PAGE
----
Although flavor houses can provide these types of ingredients for larger-scale production, Amelia Bay’s Crandall suggests that beverage-makers consider making their own coffee ingredients in house for smaller runs, like with craft beers. “Amelia Bay can manage almost any volume a customer may require, [but] smaller volumes are a bit more difficult, as we brew coffee on a large scale in a continuous fashion,” he explains. “We recommend starting out brewing your own [coffee] in house or on a contract basis. When your market gets established and kettle-brewing becomes prohibitive from a batch-consistency and time standpoint, that’s when you switch to Amelia Bay brewed liquid extracts. Our products help to ensure quality and consistency from batch to batch, no matter where your product is bottled.”
Regardless of the type of ingredient used to add coffee flavor to a craft beer, beverage-makers still have to watch the final flavor balance of the product, Finlay’s Gomes notes. “One of the biggest challenges with incorporating coffee into a craft beer is the bitterness level to keep the beer balanced,” he explains. “The roasted grains or malted grains that give the darker beer styles their distinct color and flavor also impart a level of bitterness. The bitterness component from coffee must be accounted for when formulating a recipe, otherwise it could result in a bitterness intensity that would make the beer unbalanced and undrinkable.”
To accommodate this, the beer recipe can be formulated to account for the coffee or vice versa. For example, when Left Hand Brewing Co., Longmont, Colo., collaborated with Allegro Coffee Co., Thornton, Colo., and national restaurant chain Old Chicago to create a beer for coffee drinkers, the team first picked the type of coffee it wanted to use and worked from there. “We start[ed] with a cupping to kind of zero in on the coffee, and then once we figured out the coffee, I think the wheels started spinning in terms of the style of the beer,” said Darrin Daniel, director of sourcing for Allegro Coffee, in a video released by Left Hand Brewing.
The trio selected Allegro’s Blue Nile Blend for its berry and spice notes and then created a beer to complement those notes. The Ethiopian coffee exhibits dried fruit flavors as well as sweet and cedary notes that embody a fruitiness as well as the tart flavor of coffee, Daniel explained in the video. From there, the team selected Caliente and Amarillo hops to match the flavors and experimented to create a pale ale, a lighter style of beer than porters and stouts, that is brewed with the coffee. Left Hand Brewing describes the resulting De’Nile Coffee Ale as a burnished, copper-colored brew with a balance of maple, chocolate and coffee flavors with a medium mouthfeel and a citrus aroma from the hops.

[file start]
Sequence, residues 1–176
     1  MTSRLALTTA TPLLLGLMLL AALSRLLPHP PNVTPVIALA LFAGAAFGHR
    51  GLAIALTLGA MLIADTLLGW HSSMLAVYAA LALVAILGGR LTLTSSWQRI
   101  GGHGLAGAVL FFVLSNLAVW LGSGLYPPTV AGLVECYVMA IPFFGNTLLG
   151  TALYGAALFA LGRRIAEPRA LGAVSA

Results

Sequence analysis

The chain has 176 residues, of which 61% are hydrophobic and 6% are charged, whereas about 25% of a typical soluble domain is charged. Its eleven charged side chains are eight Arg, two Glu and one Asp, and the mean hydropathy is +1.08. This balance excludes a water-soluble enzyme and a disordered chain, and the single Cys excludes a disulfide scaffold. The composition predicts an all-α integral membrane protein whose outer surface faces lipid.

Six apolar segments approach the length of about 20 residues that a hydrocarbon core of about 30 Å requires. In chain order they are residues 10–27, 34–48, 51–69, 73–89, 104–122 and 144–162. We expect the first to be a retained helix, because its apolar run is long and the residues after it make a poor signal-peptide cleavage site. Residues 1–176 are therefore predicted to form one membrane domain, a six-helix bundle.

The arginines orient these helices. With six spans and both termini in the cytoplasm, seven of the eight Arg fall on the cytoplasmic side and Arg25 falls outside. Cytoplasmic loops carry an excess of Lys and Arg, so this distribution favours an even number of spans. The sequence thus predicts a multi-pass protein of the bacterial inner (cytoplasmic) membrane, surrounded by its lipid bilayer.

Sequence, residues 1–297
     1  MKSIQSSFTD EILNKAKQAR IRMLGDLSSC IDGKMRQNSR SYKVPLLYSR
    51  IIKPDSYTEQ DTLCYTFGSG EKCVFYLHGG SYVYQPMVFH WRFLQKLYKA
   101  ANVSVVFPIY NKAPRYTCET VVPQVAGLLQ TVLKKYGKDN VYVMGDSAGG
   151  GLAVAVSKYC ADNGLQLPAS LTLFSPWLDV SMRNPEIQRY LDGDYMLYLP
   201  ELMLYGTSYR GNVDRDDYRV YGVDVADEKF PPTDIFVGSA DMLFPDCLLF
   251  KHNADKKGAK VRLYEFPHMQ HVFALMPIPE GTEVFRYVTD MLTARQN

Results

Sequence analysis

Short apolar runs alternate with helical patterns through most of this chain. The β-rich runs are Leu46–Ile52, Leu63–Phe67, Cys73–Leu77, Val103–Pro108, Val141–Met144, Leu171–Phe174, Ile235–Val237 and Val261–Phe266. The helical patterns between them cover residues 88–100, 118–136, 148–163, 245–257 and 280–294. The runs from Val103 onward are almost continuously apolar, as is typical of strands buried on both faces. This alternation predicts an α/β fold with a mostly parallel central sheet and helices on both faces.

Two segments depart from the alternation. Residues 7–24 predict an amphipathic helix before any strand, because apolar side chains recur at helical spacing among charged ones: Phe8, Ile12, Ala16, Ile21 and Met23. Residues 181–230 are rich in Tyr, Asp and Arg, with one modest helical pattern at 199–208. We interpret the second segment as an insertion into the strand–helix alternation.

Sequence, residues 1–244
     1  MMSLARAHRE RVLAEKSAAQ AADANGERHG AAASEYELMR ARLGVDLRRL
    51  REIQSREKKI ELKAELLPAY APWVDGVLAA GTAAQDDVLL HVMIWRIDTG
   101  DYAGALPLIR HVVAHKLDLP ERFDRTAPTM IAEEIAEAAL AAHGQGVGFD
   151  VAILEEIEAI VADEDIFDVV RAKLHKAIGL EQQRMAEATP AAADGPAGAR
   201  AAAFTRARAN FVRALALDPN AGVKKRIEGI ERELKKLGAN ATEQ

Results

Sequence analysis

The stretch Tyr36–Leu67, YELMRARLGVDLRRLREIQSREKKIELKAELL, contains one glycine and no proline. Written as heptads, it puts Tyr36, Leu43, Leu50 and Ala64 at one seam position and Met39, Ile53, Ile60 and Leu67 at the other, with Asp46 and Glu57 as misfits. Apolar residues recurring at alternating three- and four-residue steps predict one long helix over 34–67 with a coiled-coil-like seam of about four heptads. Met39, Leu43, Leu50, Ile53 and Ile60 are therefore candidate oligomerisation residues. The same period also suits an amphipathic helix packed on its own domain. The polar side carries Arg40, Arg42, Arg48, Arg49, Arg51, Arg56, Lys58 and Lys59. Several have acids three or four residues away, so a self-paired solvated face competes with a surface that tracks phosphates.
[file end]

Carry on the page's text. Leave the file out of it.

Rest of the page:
In other cases, craft brewers use the inherent qualities of other ingredients to balance out all of the flavors. For example, milk stouts, which are a sweet substyle of stout beer, contain lactose, an unfermentable sugar, which can balance out the bitterness level of the coffee, as in the Narragansett Autocrat Coffee Milk Stout, Finlay’s Gomes says.
Other craft beers take cues from food-and-coffee pairings as well as coffee-and-flavor pairings and apply that to the alcohol segment. For example, Elysian Brewing’s Punkuccino pairs coffee with pumpkin, cinnamon and nutmeg, and Founders Brewing Co.’s Breakfast Stout mixes chocolate, two types of coffee and oatmeal, Finlay’s Gomes notes.
By applying flavor science and tried-and-true pairings, ingredient suppliers and beverage-makers can work together to help coffee ingredients continue to inspire innovations within the craft beer segment and expand that experimentation into other categories, turning the traditional daily cup of joe into an exciting flavor experience.